I like to think that each piece I weave has its own set of rules to follow and its own set of challenges to overcome. But the kinds of rules I set for the piece, and the kinds of challenges I’ll face, are related to the kind of weaving I’m working on. So I thought it would be an interesting idea to look at what I call “style thinking”. At least it’s interesting for me…
When I am deciding on what I am planning to weave, I tend to make our decisions based on yarns and considering whatever time constraints I might be operating under. Which is to say that the yarns that we have available, with their stimulating colors and textures, are a big, often unconscious, part of thinking about design. Time constraints are a much more conscious issue. We have an annual “drop dead” deadline of Spanish Market, which is at the end of July and dominates our weaving schedule more than other time considerations. We need to have things done in time for Market. But the amount of time I have to focus on my work at the loom varies a lot with the seasons and our other commitments in life. I have to think about these things before I launch into something that I won’t have time to finish.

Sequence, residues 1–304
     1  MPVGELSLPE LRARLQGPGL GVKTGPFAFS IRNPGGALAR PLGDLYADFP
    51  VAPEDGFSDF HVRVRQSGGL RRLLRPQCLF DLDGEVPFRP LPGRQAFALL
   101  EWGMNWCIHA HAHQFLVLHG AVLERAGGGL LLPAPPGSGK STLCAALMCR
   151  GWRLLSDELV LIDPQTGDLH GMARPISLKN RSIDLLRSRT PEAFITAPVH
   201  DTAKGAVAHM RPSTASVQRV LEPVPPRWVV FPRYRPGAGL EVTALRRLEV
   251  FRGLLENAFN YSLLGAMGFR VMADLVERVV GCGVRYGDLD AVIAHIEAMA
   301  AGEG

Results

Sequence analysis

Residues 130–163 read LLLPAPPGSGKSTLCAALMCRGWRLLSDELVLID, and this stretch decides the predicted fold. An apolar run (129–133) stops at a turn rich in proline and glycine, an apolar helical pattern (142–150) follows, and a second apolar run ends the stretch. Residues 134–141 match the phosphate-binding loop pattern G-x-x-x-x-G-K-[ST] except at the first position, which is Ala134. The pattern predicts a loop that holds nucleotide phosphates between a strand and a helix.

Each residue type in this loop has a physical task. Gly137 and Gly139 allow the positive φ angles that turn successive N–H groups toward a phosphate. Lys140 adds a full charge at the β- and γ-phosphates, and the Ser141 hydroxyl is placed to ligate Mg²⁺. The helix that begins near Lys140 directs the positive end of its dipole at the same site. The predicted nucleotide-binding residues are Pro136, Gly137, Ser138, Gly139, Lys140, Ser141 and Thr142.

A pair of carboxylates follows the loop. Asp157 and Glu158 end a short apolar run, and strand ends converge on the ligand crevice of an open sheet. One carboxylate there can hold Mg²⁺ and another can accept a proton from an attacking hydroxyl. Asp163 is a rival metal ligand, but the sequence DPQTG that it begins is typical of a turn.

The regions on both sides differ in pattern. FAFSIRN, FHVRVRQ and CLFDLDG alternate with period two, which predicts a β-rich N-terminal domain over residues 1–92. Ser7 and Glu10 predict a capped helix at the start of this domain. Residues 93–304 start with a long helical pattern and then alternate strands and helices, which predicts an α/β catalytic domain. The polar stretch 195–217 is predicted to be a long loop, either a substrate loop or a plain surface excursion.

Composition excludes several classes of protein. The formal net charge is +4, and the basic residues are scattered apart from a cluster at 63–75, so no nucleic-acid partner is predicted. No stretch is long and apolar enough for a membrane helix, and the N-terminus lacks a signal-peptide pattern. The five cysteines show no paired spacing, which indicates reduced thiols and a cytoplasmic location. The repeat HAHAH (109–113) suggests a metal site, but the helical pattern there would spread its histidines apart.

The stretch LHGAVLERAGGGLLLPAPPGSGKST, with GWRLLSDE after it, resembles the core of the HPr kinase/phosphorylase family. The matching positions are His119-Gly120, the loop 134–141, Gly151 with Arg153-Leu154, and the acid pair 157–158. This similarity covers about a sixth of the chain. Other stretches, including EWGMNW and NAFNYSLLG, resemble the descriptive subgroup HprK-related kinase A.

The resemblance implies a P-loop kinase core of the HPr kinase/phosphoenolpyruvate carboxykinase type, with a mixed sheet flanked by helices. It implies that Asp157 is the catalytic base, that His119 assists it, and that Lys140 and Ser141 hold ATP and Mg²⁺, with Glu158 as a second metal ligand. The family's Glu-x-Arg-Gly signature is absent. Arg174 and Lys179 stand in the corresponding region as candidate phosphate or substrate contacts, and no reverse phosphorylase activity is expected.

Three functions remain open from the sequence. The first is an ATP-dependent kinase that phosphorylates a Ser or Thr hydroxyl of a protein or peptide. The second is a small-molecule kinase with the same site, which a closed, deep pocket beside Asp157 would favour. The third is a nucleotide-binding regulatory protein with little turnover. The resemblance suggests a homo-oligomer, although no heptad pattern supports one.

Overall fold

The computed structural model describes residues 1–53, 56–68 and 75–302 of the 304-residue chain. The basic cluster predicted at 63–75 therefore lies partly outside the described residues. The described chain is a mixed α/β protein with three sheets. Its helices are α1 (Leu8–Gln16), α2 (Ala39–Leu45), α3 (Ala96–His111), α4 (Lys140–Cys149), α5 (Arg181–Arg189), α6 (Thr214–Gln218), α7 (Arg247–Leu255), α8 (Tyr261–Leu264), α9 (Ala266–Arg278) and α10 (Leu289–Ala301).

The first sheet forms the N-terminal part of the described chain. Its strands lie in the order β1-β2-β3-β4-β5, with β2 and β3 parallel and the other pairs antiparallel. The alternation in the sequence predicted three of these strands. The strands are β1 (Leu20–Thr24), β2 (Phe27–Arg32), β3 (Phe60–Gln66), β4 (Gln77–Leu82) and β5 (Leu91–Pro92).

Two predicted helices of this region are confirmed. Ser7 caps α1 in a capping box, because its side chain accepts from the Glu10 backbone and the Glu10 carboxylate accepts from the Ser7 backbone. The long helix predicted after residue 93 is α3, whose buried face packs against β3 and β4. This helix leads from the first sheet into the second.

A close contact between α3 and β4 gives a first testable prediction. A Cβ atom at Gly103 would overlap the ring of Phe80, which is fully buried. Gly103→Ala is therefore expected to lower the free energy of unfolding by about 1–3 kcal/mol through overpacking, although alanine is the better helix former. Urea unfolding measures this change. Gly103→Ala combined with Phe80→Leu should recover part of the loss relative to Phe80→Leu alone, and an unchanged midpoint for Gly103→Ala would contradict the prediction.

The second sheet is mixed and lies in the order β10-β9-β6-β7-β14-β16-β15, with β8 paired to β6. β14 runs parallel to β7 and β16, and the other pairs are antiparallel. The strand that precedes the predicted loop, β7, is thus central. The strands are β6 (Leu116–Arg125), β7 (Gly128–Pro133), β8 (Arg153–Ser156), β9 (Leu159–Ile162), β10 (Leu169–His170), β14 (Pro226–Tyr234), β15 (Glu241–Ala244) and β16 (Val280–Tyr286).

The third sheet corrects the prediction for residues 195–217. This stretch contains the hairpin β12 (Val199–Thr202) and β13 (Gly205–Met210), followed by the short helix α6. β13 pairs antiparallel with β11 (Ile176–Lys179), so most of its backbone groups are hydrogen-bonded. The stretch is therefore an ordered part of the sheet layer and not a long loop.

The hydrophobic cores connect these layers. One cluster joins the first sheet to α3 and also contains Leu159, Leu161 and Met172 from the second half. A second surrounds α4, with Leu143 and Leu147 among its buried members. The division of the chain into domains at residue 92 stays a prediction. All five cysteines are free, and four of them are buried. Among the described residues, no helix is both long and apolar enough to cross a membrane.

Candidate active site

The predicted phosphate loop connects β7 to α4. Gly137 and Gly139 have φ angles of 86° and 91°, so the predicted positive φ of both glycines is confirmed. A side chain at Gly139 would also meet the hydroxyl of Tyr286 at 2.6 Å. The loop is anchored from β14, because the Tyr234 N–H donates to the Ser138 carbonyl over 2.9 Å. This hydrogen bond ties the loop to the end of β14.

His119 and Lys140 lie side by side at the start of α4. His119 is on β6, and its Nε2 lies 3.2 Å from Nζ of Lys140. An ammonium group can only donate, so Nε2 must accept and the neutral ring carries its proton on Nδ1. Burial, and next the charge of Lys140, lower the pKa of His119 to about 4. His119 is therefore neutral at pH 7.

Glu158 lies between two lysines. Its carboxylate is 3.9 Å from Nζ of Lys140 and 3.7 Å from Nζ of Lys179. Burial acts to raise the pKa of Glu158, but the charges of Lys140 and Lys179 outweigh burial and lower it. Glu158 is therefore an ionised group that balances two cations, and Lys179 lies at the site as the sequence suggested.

For each style there are different ways to think about the following things:
- design placement
- color use
- repetition and rhythm
- kinds of mistakes,
- level of detail
- sticking with tradition and knowing where, when, and why to depart from tradition
- where are the challenges?
- where am I likely to get bored or worn out?
I’ll be addressing this in in a series of future posts, organized in order of the length of time it takes to get through a piece, from the quickest to the most complex and slow projects. If you want to learn more about the history of the style you can take a look at earlier blog entries about that, or you can see the same material on our website, http://www.chimayoweavers.com. The length of time it takes to get through a piece depends, more than anything on how much tapestry you wind up doing, and how complex it is. It also takes much longer to weave things that require a lot of thought. So complexity can be more than just moving a lot of spools, it can also mean trying out whole new, unfamiliar thought processes. Trying out new ways of thinking is probably my favorite part of weaving.